Jaden Faulkner sat against the back wall of the gym, laughing at nothing in particular, as his teammates tugged accessories onto their bodies.
It looked as if they were dressing for an athletic apparel commercial, not a high school basketball summer league game. They slipped into leggings shaded black, gray and off-white. They situated their socks at very particular lengths. They wore shoes that matched undershirts that matched wristbands, and spent the minutes leading up to the game making sure it all looked just right.
But Faulkner did not join the impromptu fashion show. He walked onto the court wearing black ankle socks, a baggy gray T-shirt and soccer shorts hovering well above his knees. He looked out of place, and maybe he was. On this June evening, Faulkner was Eleanor Roosevelt’s 6-foot-4 star point guard who also plays football. On other days, he is the Greenbelt school’s star dual-threat quarterback who also plays basketball.
From there, the duality of his athletic career thickens: He is being recruited by Division I programs in both sports and has one more season of each before he has to choose. That choice will, in many ways, be shaped by the generation in which he is playing — the age of both AAU basketball and football head-injury concerns. And with more college-bound athletes specializing in one sport from a young age, precedent for how to navigate it has dwindled.
“It’s really confusing, with the recruiting and the pressure to choose from both sides,” Faulkner said. “But I really do love both sports, and I’ve been playing both since I was a little kid. I’m only choosing because I have to.”
His mother, Natasha Marshall, reads the latest concussion studies and sometimes worries about her son’s long-term health should he continue playing football. That is a pull toward hoops. But the year-round demand of AAU basketball, and Faulkner’s inability to fully submerge himself in it, could set him back in recruiting. That is a pull toward football.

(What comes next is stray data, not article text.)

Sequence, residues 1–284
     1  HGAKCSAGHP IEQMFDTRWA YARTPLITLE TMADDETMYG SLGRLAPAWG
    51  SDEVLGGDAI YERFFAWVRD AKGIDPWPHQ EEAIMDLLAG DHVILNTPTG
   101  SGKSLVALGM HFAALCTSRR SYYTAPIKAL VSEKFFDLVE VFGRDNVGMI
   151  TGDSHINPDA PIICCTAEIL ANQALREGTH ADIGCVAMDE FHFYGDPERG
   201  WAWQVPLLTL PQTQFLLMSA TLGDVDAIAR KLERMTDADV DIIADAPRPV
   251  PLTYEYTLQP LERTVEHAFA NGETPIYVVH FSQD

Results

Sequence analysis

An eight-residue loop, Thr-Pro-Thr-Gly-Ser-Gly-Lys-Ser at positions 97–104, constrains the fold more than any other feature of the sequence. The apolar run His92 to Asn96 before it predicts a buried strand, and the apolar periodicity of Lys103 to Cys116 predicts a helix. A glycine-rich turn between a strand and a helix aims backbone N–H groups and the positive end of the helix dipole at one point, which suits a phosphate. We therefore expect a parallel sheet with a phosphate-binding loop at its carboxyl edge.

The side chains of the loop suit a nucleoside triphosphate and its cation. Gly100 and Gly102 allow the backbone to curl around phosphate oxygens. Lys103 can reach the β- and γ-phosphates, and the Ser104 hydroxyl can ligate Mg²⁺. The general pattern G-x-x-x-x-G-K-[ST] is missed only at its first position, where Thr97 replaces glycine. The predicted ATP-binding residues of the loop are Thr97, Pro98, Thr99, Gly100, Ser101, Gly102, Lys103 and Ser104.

College football coaches are unsure if they want him as a quarterback or safety. Lower-profile programs such as James Madison and Massachusetts like him under center. Power-conference schools such as Ohio State, Syracuse, Kentucky and Pittsburgh like him as a defensive back. He doesn’t have a football offer, not yet at least, and his lone basketball offer is from Central Connecticut State.
None of that pulls him one way or the other, and Faulkner is left competing on both sides of an unsolved equation.
“You’ll see a lot of kids play both sports, that’s not uncommon,” said Tom Green, Eleanor Roosevelt’s football coach. “But for a kid to be the best in the school at football and basketball, that just doesn’t happen much anymore. And no matter what, Jaden will have a tough choice to make.”
Just after Faulkner peeled himself off the field and slowly walked to the sideline, Marshall pushed herself off the bleachers and walked briskly toward the Eleanor Roosevelt bench.
For three quarters last November, she had watched her son get driven into the ground by Wise’s defenders. The Raiders run an option offense that requires Faulkner to make snap decisions in the pocket and often scramble into the open field. But Wise’s defense was plugging all the holes in what ended in a lopsided, season-ending loss for Eleanor Roosevelt.
Marshall winced when Faulkner’s helmet cracked against a defender’s. She silently pleaded with him to slide and held her breath when he didn’t, instead choosing to go headfirst into another collision. Then she had enough.
“He’s not going back into the game, is he?” Marshall remembers asking the Raiders’ athletic trainer on the sideline, suspecting her son was concussed.
“Mom, I’m going back —” Faulkner started before he was cut off.
“Jaden, you’re not going back into that game,” Marshall said, and Faulkner didn’t play another snap.
“My mom likes basketball because I don’t get hurt as much,” Faulkner said in August. “She doesn’t like when I get hit in football and will remind me that concussions can stay with you for a long time.”
Faulkner was not diagnosed with a concussion, but Marshall maintains that “something wasn’t right” when he came off the field. Her relationship with football is complicated. She loves the sport, but doesn’t always love it for her son. She sees head injuries as a workplace hazard her son willingly signs up for, but is also worried they could seep into his future as the hits pile up.
She does not actively sell her son on basketball or football. Neither does Faulkner’s father, Derwin, who played football at Virginia State and coaches girls varsity basketball at Douglass High. Derwin knows the risks of playing football but said his son “could also get hurt walking down the street.” Jaden Faulkner sees concussions risks as “just part of a game” he has played since he was five years old.